A genome-wide association study in hispanics/latinos identifies novel signals for lung function the hispanic community health study/study of latinos

Kristin M. Burkart, Tamar Sofer, Stephanie J. London, Ani Manichaikul, Fernando P. Hartwig, Qi Yan, María Soler Artigas, Lydiana Avila, Wei Chen, Sonia Davis Thomas, Alejandro A. Diaz, Ian P. Hall, Bernardo L. Horta, Robert C. Kaplan, Cathy C. Laurie, Ana M. Menezes, Jean V. Morrison, Elizabeth C. Oelsner, Deepa Rastogi, Stephen S. RichManuel Soto-Quiros, Adrienne M. Stilp, Martin D. Tobin, Louise V. Wain, Juan C. Celedón, R. Graham Barr

Research output: Contribution to journalArticlepeer-review

29 Scopus citations


Rationale: Lung function and chronic obstructive pulmonary disease (COPD) are heritable traits. Genome-wide association studies (GWAS) have identified numerous pulmonary function and COPD loci, primarily in cohorts of European ancestry. Objectives: Perform a GWAS of COPD phenotypes in Hispanic/Latino populations to identify loci not previously detected in European populations. Methods: GWAS of lung function and COPD in Hispanic/Latino participants from a population-based cohort. We performed replication studies of novel loci in independent studies. Measurements and Main Results: Among 11,822 Hispanic/Latino participants, we identified eight novel signals; three replicated in independent populations of European Ancestry. A novel locus for FEV1 in ZSWIM7 (rs4791658; P = 4.99 3 1029) replicated. A rare variant (minor allele frequency = 0.002) in HAL (rs145174011) was associated with FEV1/FVC (P = 9.59 3 1029) in a region previously identified for COPD-related phenotypes; it remained significant in conditional analyses but did not replicate. Admixture mapping identified a novel region, with a variant in AGMO (rs41331850), associated with Amerindian ancestry and FEV1, which replicated. A novel locus for FEV1 identified among ever smokers (rs291231; P = 1.92 3 1028) approached statistical significance for replication in admixed populations of African ancestry, and a novel SNP for COPD in PDZD2 (rs7709630; P = 1.56 3 1028) regionally replicated. In addition, loci previously identified for lung function in European samples were associated in Hispanic/Latino participants in the Hispanic Community Health Study/Study of Latinos at the genome-wide significance level. Conclusions: We identified novel signals for lung function and COPD in a Hispanic/Latino cohort. Including admixed populations when performing genetic studies may identify variants contributing to genetic etiologies of COPD.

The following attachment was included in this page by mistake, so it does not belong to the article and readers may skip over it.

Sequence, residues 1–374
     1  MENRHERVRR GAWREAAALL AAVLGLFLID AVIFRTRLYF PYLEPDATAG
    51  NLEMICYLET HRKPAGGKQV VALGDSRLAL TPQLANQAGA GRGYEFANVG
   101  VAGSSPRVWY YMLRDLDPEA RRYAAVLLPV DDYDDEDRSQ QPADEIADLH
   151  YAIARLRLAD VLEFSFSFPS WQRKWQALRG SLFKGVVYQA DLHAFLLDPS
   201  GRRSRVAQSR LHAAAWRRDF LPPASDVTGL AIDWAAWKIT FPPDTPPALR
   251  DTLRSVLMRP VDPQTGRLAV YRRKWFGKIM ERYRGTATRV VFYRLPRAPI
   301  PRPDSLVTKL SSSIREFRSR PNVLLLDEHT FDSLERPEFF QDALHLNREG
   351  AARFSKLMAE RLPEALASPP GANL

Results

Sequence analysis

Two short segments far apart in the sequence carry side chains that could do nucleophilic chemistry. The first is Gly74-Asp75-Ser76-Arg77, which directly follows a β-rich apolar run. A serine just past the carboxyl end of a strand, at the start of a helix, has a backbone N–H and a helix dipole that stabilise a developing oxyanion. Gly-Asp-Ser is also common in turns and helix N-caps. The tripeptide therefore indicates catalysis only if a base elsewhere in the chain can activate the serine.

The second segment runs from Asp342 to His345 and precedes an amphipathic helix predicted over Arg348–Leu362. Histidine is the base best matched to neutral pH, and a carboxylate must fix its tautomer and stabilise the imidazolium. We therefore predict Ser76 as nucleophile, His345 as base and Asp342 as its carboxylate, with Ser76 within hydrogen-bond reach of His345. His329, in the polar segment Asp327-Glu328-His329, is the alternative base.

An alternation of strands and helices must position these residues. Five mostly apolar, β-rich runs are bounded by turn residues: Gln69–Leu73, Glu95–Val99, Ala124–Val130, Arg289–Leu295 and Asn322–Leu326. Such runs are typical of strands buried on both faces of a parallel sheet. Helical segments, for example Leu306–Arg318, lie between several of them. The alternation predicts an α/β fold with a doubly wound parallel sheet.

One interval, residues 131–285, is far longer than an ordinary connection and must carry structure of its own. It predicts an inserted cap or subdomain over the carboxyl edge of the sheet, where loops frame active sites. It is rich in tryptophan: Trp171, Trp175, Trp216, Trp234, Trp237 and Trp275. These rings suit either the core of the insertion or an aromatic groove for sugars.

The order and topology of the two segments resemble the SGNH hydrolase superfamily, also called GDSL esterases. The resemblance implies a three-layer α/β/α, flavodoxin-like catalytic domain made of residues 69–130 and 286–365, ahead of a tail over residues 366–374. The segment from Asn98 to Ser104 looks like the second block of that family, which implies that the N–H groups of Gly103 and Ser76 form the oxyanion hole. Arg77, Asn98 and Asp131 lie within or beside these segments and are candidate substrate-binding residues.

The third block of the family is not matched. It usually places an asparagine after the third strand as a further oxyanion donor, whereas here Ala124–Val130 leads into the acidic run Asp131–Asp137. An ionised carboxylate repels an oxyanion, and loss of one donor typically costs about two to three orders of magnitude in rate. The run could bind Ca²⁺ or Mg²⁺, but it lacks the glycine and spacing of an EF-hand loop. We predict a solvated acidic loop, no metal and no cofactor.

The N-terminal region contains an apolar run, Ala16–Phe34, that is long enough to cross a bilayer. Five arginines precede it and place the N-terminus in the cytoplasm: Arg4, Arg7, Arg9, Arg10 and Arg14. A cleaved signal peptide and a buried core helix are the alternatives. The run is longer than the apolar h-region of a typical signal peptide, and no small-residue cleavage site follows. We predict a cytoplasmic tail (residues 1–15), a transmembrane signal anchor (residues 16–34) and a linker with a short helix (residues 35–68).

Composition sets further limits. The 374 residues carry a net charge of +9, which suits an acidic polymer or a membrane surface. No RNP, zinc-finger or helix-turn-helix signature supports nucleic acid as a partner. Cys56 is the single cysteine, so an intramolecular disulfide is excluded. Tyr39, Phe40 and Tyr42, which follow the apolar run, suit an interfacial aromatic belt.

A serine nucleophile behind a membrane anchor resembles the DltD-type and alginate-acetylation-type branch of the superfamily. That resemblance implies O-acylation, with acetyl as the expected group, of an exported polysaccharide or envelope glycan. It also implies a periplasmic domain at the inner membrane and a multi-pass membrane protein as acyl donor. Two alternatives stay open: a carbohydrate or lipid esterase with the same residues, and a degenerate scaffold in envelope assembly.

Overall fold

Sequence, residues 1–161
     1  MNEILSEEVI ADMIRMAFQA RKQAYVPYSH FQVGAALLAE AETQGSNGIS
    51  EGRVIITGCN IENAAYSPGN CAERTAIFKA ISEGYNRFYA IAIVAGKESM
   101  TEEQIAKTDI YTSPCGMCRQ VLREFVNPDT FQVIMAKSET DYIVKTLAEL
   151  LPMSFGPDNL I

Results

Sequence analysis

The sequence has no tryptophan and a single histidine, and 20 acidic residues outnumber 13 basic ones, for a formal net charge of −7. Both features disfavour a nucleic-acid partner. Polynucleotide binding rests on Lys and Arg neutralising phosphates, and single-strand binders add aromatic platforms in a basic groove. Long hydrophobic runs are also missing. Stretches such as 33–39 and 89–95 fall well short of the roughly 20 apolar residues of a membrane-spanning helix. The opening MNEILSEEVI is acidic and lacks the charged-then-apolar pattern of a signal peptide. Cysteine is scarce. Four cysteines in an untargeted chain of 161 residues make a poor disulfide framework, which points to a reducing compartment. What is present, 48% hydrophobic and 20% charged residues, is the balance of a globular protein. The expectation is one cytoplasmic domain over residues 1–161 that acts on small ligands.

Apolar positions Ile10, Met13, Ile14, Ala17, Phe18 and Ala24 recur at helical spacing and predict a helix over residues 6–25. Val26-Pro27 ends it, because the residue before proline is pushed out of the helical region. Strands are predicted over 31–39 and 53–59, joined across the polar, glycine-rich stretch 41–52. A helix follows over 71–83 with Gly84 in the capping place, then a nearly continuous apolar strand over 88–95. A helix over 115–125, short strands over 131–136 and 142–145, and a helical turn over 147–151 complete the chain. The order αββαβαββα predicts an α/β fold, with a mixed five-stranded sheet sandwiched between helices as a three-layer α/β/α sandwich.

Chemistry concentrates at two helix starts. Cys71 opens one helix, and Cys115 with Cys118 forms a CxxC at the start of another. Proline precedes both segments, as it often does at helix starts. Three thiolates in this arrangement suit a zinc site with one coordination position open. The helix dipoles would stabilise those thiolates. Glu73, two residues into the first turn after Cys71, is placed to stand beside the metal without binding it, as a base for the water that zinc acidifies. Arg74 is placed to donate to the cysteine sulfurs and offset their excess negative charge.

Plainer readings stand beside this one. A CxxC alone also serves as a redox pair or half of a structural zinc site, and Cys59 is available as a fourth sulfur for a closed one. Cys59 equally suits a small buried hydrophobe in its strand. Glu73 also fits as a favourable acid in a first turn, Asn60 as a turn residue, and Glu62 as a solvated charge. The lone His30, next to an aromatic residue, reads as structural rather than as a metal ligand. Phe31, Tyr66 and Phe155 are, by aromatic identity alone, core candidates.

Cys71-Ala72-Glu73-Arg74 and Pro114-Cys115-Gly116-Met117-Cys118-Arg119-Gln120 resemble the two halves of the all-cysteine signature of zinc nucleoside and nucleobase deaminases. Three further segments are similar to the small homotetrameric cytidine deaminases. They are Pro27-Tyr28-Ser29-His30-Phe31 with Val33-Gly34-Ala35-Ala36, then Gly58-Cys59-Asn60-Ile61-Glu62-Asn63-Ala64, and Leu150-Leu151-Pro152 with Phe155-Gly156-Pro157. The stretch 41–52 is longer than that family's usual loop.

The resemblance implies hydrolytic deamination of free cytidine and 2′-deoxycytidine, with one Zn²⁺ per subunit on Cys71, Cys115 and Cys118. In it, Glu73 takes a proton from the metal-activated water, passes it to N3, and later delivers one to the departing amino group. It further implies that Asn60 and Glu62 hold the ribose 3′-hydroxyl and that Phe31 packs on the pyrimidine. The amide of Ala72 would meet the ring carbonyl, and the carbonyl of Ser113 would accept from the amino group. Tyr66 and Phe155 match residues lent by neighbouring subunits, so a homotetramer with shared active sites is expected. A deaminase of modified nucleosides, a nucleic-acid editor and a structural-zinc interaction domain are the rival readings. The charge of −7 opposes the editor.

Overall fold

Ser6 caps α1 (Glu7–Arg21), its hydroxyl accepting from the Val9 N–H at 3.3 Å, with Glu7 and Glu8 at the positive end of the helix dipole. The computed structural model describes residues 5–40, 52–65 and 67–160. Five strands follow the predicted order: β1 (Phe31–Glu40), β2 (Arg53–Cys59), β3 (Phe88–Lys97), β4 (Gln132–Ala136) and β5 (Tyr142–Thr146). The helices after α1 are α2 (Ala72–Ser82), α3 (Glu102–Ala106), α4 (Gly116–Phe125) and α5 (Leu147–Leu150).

Original languageEnglish (US)
Pages (from-to)208-219
Number of pages12
JournalAmerican journal of respiratory and critical care medicine
Issue number2
StatePublished - Jul 15 2018


  • Chronic bstructive pulmonary disease
  • Genome-wide association study
  • Hispanic/Latino
  • Ingle-nucleotide polymorphisms
  • Lung function

ASJC Scopus subject areas

  • Pulmonary and Respiratory Medicine
  • Critical Care and Intensive Care Medicine


Dive into the research topics of 'A genome-wide association study in hispanics/latinos identifies novel signals for lung function the hispanic community health study/study of latinos'. Together they form a unique fingerprint.

Cite this